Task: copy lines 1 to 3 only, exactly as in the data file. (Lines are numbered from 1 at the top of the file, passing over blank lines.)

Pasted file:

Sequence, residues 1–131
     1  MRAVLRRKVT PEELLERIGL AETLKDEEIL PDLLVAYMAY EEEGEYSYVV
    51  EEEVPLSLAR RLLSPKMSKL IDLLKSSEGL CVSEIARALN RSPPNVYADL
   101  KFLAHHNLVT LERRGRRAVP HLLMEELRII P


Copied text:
Sequence, residues 1–131
     1  MRAVLRRKVT PEELLERIGL AETLKDEEIL PDLLVAYMAY EEEGEYSYVV
    51  EEEVPLSLAR RLLSPKMSKL IDLLKSSEGL CVSEIARALN RSPPNVYADL